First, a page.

Fighting the Mexican Drug Lords–in Brown and White

Hubert Collins, American Renaissance, July 23, 2015

A review of the documentary film Cartel Land.

Cartel Land, directed by Matthew Heineman, produced by Kathryn Bigelow, 2015, 1 hour 38 minutes

The documentary Cartel Land has an interesting premise: Two different vigilante groups, one in southern Mexico and one in southern Arizona, are depicted in their quest to combat–or at least contain–the murderous drug cartels that so often make the news.

The trailer made me wonder whether Cartel Land would prove to be a bit race realist in spite of itself–like that anti-catcalling feminist video that circulated last fall, in which all the boorish men were black or Hispanic. But when I looked over some of the director’s past work–a documentary about millennials that culminates with the election of Barack Obama in 2008 and something about healthcare–I worried that I was about to watch a Michael Moore imitator trying to adopt the hip edginess of Vice by heading south of the border.

As it turned out, the film was neither of those things. The whites in Cartel Land are not depicted as slovenly racists or dangerous radicals, and likewise the Mexicans are not depicted as impeccably heroic or cruelly downtrodden. But the race realism I was hoping for also never materialized. The trouble is not overt egalitarian agitprop, but a more subtle, and far more common depiction of whites as representing a kind of cultural nothingness.

To begin with, about 75 percent of the movie is shot in Mexico, and the richness of detail in the Mexican side of the story is completely absent from the Arizonan side. Dr. Mireles, the Mexican protagonist, is shown not only working with the band of vigilantes that he has put together, but also at his day job as a general practitioner in a rural clinic. “Nailer,” the Arizonan protagonist, is never humanized in the same way. Similarly, Dr. Mireles is filmed spending time with his family and his friends while Mr. Nailer merely mentions that he has children, and is occasionally shown with a girlfriend about whom we know nothing.  We see a few followers but we don’t learn their stories.

In Mexico, many members and supporters of Dr. Mireles’ vigilante group are interviewed about their lives and give harrowing stories of victimization at the hands of the drug cartels. In Arizona, Mr. Nailer explains that he used to be a drug addict, then recovered, then couldn’t find a job in construction because of immigration, and then founded his border-patrol group. At no point does he talk about crime or cultural disintegration, and no members of his posse explain their motives, or talk about victimization at the hands of illegal immigrants–something that many have probably experienced. The one exception is a man who says something not very eloquent about why having two races in one nation is a bad idea.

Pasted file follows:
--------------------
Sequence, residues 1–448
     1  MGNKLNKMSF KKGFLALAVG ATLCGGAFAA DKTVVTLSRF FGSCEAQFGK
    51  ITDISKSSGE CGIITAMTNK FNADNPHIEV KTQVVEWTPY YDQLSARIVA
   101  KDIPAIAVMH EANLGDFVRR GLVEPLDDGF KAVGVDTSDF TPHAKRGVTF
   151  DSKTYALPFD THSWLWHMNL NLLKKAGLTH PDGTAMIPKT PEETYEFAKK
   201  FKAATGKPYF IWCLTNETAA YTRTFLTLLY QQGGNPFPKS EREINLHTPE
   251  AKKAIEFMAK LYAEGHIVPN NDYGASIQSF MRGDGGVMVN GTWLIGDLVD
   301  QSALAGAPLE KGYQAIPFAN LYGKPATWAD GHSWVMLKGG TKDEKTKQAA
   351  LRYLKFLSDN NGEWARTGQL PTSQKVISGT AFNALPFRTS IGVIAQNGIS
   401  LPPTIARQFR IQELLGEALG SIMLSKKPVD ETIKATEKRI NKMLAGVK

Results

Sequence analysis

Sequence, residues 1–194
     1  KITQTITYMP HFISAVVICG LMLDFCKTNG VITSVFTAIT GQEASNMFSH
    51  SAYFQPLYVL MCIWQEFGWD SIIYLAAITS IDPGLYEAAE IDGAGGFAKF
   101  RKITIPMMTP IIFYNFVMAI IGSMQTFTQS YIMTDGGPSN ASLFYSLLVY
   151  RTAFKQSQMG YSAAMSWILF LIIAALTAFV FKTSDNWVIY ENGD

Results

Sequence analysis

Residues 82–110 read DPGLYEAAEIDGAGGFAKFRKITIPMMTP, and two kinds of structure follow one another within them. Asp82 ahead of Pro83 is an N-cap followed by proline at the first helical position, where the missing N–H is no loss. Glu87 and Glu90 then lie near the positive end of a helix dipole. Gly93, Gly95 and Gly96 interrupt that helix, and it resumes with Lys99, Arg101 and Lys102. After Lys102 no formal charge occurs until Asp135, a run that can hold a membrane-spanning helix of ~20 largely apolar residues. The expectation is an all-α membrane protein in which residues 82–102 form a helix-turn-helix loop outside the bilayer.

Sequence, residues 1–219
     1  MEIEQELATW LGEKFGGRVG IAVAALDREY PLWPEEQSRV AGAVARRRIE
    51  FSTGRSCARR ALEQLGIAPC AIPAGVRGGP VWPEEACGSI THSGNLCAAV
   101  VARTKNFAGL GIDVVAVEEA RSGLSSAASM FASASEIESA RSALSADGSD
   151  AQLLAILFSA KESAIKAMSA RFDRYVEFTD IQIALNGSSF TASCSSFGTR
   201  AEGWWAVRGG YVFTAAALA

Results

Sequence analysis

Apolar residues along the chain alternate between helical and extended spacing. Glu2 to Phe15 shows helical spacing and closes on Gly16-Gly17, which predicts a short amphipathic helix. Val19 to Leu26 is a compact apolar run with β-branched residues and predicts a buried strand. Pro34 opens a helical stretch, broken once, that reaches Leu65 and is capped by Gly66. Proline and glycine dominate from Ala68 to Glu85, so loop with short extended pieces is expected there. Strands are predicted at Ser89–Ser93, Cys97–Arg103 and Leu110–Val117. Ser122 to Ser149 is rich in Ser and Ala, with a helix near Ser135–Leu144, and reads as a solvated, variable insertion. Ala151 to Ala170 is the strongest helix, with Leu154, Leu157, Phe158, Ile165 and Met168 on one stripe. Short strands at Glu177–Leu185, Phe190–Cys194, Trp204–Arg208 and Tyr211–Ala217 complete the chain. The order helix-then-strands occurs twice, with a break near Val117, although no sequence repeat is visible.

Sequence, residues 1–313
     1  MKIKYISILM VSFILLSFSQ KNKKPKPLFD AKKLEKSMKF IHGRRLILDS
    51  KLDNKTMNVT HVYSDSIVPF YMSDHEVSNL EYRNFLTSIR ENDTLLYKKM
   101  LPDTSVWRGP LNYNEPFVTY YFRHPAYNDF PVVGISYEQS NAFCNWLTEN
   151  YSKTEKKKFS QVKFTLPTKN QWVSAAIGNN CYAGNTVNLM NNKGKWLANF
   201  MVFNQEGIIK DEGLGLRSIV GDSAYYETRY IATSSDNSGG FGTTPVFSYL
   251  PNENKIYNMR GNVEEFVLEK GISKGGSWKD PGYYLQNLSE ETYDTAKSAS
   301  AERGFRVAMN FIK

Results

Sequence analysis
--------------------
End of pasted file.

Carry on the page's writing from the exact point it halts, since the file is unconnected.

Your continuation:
While the Mexican vigilantes are filmed relaxing at pools, flirting with women, and discussing how to achieve their dream of living in a more peaceful and stable society, the whites are shown sitting around watching TV, chain smoking in the desert, and cleaning their weapons. There are many scenes of excitement in the Mexican parts of the documentary: shoot-outs with gang members, car chases, and confrontations between police and vigilantes vying for control of a town. There is nothing similar in the Arizona segments. In Mexico, viewers are treated to the intricacies of the legal gray zone in which the vigilantes work–it is illegal for them to own firearms, for example–and how they navigate it. In Arizona, the viewer is left wondering about the legal status Mr. Nailer’s group, Arizona Border Recon.

The list of differences could go on and on. In Mexico, we see people of every age group and plenty of women; in Arizona, it is all men (with one exception) between the ages of 25 and 50. We see the troubled personal lives of the Mexican characters while the whites remain two-dimensional. Although the movie never explores the reasons why the Mexican government is so weak, its inability to protect citizens is depicted over and over. On the Arizona side, the government is hardly ever mentioned.

The whites are not depicted as rubes with a potential for evil, as one might have expected. If the director wanted to make them out to be monsters, he could have added plenty of footage of them shooting at the range and could have interviewed the SPLC about them. He could also have made the Mexicans look better by editing out Dr. Mireles’s affairs with younger women and the shameful internal power struggles of his vigilante group. The issue at hand is something much more subtle than a leftist smear. It is like the white college student who once told the late Bad Eagle, “I don’t see anything about my culture to be proud of. It’s all nothing. My race is just nothing.”

Whites in Cartel Land are simply uninteresting people, with minimal passions or motivations–they wander the desert looking for illegals, watch TV, and smoke. In one brief, undramatic scene they round up a few stranded illegals and turn them over to the border patrol. The Mexicans, on the other hand, are risking their lives to protect their homes, have lost family members to vicious criminals, want to reform the government, have cherubic babies, and tumble into ill-advised love triangles. In short, the Mexicans are people in full, while the whites are ghosts from suburbia who wandered down to the border.

The documentary is well-made, but readers of American Renaissance have little reason to watch it for any kind of racial insight or entertainment. It simply reminds us of something we already know: In the arts, whites exist objectively, not subjectively.

Cartel Land can be seen in a limited number of theaters.

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Hubert Collins
Mr. Collins was born in Taulkinham, but doesn't live there anymore.
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